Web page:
15 Ways To Celebrate International Women's Day With Your Daughter
International Women's Day is a big deal, but when you have a daughter, it's even more important to take the time to soak in the message. It's more than just singing along to Spice Girls (although that helps), so having some ways to celebrate International Women's Day with your daughter can really give the day some impact on both of you. Plus, who needs an excuse to really focus on an awesome, empowering day with your kid?
The thing is, your daughter is most likely surrounded by strong women every day. But International Women's Day is the perfect time to really focus on women, what it means to be a woman, and how women have shaped the entire world, even if a lot of the world likes to pretend like they didn't. Especially now that it's 2017 and the President of the United States has openly admitted to groping and sexually assaulting women. I mean, if that doesn't want to make you grab your daughter by the hand and celebrate International Women's Day, what will?
So in honor of girl power, here are 15 ways to celebrate International Women's Day with your daughter. You don't have to be crafty or have a plethora of knowledge on badass women to make it work, but you will have a blast and feel good about all you're introducing your daughter to. If both of you end up feeling empowered and inspired, then you made the day work.
1. Read About Women
This is an obvious one, but knowledge is power. My own daughter has a book full of stories about women and every night she says, "Let's read about the girls." There are tons of feminist books for kids, but my recommendation is Goodnight Stories for Rebel Girls: 100 Tales of Extraordinary Women ($14) by Elena Favilli and Francesca Cavallo. With 100 bedtime stories, each one is focused on a woman who was a total badass and is accompanied by beautiful illustrations. They are quick reads, but pack a lot of punch and will leave both you and your little girl inspired for the day.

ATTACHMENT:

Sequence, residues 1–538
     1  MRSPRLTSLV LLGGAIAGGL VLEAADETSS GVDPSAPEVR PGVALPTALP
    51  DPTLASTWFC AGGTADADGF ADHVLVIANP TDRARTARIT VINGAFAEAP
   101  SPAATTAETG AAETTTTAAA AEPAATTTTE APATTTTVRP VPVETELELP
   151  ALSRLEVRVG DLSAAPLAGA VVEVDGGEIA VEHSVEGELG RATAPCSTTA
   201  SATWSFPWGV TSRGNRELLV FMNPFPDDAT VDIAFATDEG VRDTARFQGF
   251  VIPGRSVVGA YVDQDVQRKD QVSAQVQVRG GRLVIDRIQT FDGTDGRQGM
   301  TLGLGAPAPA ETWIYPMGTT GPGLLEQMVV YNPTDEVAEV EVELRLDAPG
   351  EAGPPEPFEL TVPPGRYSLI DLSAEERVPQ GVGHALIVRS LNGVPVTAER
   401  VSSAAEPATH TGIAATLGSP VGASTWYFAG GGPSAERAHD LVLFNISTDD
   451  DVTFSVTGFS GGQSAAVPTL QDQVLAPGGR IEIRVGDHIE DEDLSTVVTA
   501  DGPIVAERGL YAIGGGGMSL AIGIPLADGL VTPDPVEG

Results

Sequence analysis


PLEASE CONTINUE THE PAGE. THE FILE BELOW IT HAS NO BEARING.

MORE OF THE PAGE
2. Volunteer Together
International Women's Day is a big deal, so there's a chance your city is already planning some kind of volunteer opportunities. But you can volunteer in other ways on this day specifically. Talk to a local library about hosting a story time featuring strong girl characters. Reach out to your local Planned Parenthood and see how you can volunteer. Go to a women and children's shelter in you area, and donate hygiene products like pads and tampons, food, clothing, or even toys. When your daughter sees the difference women can make together, especially for other women, she'll feel empowered to keep that attitude going.
3. Reenact Famous Speeches Given By Women
Maybe because I used to be an actor and my kid is obsessed with reciting entire movie scenes, but this idea sounds like so much fun and a great activity. Might I suggest finding a transcript of Hillary Clinton's concession speech or Sojourner Truth's "Ain't I A Woman?" speech to really spread the idea of inclusivity and feminism for all. Some incredible poems can work, too, like Maya Angelou's "Phenomenal Woman." Pick something that means a lot to you and your daughter and let her stand proud behind a makeshift podium and deliver it to you and your family.